It’s time for our review of bio-tech news, and this month we’re literally all over the map in terms of promising (or at least interesting) breakthroughs:
Zika war in Florida: Remember when we told you about the release of genetically altered mosquitos in Brazil to fight the Zika virus, and we suggested the same experiment might be made in Florida in 2017? It’s happening! Male mosquitoes injected with the Wolbachia bacteria have been released on Stock Island in Florida. It’s a 12-week trial during which 20,000 male Aedes aegypti mosquitoes are expected to mate like crazy with females, but then comes the human payoff – the males were altered in such a way that the resulting female eggs will never hatch. The hope is to wipe out entire colonies of Zika-carrying insects.
Vaccine for oranges soon. Nearly 90% of Florida’s citrus groves are now infected with a “greening disease” that first appeared in 2005. Since the search for an immune tree has proven fruitless, the only practical way to treat the disease, Southern Garden Citrus scientists are developing a genetically-altered virus to deliver bacteria-killing spinach proteins. The hope is that the vaccine might meet all approval processes to be available as soon as 2019. Meanwhile, quarantines are being established in California for affected crops there, in an attempt to control the spread of Asian citrus psyllid, which spreads the disease. Despite chopping down thousands of trees and waging a pesticide war in Florida, growers were too late to save orchards.
45-foot tall corn? New Yorker Jason Karl, an experimental grower, created special greenhouse conditions in his corn lab in Costa Rica to achieve that height with his maize. He did it playing with light spectrums and mutations to increase internode growth. It may not have any actual practical application, since he had to support the stalk so it wouldn’t fall over and break. However, Karl now holds the world record for growing the tallest corn, a dream of his since he was a teenager and during his studies at Cornell, where he researched advanced growing methods. His next dream: 55-foot tall cornstalks.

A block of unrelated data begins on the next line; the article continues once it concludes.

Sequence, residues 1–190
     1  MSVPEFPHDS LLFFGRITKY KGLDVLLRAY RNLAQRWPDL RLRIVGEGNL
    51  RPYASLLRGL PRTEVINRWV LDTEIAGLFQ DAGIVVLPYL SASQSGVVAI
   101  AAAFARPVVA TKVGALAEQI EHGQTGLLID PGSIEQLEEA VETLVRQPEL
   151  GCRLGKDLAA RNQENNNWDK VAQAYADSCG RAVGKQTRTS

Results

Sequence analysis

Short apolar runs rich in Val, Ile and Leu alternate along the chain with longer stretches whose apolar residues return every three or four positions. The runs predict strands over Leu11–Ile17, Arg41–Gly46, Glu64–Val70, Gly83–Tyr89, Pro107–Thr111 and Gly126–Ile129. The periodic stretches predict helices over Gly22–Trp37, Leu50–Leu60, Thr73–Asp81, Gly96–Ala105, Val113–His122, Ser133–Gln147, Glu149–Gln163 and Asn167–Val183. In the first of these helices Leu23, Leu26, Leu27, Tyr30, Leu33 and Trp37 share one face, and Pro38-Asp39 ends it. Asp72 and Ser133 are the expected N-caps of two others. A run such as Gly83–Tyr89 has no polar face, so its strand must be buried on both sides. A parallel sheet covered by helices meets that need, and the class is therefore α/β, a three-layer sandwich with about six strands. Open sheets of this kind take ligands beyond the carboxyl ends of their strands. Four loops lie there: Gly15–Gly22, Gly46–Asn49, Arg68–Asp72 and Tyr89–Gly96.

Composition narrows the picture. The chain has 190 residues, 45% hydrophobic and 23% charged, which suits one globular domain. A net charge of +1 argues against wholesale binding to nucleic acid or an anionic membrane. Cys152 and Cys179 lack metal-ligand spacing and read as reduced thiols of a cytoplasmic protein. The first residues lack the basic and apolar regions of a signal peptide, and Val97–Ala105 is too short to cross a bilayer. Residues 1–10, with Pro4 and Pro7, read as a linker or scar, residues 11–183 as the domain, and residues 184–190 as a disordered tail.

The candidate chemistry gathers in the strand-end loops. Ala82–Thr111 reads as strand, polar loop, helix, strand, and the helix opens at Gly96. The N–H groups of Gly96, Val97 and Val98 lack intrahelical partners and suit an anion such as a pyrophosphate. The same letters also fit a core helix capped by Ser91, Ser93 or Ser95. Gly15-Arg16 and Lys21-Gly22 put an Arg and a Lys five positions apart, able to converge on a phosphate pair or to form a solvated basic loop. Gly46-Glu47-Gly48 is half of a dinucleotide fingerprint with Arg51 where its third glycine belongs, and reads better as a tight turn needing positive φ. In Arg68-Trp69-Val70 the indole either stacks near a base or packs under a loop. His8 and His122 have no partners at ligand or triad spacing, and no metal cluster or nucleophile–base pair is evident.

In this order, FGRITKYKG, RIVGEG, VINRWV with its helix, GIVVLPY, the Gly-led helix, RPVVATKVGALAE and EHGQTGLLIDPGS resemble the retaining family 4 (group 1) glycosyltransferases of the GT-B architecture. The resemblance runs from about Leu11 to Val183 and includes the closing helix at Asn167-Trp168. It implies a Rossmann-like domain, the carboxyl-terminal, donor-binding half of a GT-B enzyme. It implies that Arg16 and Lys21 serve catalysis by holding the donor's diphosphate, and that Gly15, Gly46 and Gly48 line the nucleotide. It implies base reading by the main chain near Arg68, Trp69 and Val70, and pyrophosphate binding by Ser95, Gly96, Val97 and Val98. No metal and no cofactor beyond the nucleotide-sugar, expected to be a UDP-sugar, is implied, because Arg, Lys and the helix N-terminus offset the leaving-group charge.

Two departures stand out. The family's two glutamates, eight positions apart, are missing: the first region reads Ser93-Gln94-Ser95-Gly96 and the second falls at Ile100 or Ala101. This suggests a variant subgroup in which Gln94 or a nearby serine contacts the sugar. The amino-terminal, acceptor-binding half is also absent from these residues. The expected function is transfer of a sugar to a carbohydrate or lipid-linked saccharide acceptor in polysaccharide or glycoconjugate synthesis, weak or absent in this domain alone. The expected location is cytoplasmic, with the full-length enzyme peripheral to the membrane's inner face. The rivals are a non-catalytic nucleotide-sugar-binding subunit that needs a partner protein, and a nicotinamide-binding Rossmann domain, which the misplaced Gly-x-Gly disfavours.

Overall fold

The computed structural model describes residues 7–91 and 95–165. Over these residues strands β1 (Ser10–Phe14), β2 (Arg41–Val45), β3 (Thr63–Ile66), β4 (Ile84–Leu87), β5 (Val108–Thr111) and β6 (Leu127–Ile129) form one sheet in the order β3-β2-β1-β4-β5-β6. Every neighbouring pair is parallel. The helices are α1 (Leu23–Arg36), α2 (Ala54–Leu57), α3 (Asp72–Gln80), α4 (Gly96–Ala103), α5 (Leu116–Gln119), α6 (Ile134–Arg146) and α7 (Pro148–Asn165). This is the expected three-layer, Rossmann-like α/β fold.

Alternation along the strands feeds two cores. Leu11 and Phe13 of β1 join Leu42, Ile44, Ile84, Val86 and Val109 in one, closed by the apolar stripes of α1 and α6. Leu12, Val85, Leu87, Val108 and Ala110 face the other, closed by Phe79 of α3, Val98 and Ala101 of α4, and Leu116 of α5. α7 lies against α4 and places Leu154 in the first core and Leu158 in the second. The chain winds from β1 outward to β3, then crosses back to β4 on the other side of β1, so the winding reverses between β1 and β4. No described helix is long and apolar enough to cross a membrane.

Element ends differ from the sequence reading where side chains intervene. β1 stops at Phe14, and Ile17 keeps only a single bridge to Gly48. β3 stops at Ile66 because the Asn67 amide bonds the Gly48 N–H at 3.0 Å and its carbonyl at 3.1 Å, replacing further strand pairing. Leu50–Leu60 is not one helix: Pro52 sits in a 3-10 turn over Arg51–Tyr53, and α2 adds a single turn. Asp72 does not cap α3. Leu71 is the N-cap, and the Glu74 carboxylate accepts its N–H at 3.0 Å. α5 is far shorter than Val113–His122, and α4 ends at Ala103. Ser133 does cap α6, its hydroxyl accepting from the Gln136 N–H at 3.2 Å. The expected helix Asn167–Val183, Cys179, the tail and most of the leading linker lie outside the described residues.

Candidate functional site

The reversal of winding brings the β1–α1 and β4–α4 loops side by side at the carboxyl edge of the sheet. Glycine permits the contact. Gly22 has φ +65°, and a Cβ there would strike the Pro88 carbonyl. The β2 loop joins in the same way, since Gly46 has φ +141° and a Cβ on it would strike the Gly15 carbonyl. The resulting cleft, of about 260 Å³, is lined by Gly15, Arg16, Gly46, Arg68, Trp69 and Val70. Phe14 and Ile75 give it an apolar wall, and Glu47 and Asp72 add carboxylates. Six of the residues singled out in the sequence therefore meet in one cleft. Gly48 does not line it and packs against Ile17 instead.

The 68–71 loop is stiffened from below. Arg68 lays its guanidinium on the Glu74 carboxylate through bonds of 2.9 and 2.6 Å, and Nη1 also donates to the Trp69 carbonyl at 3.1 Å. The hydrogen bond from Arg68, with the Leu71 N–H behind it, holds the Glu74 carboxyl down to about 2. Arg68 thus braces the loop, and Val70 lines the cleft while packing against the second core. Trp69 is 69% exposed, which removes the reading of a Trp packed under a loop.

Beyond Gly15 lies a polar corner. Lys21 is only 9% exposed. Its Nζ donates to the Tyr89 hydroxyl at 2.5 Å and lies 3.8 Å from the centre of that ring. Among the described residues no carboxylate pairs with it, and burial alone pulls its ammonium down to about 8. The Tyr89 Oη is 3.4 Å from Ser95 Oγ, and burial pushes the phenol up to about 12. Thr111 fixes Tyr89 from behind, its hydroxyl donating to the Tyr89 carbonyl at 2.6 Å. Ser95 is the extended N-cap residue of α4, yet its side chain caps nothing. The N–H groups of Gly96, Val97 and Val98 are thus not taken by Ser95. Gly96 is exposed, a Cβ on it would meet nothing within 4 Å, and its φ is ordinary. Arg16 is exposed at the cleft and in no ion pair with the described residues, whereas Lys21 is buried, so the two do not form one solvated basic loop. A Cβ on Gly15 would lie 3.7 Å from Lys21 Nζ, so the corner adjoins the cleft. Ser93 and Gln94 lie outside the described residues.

Scientists now studying dog ancestry. Heidi Parker, a dog geneticist at the US National Institutes of Health, and colleagues at colleges, assessed the genomes of 1,346 dogs across 161 breeds. They then used those findings to create an extensive “family tree”, outlining the canines’ evolutionary past. As reported in The Scientist, “The team’s analysis revealed that the 161 dog breeds fell into 23 genetically defined groups, or clades.” Why does it matter? Because canine and human societal histories lead to the desire for different dogs with different traits which were then bred into the canines. The more we learn about dogs, it seems, the more we learn about ourselves.
Faster U.S. drug approvals? The FDA is talking to the European Medicines Agency about possibly joining forces to accelerate medical drug evaluations. Both already are working to independently to push through highly promising drugs – the EMA has a priority medicines program and the FDA now has a breakthrough designation to accelerate the evaluative/approval process. Together, the two agencies might help coordinate a faster and more inclusive medical drug acceptance regardless of origin of discovery or manufacture.
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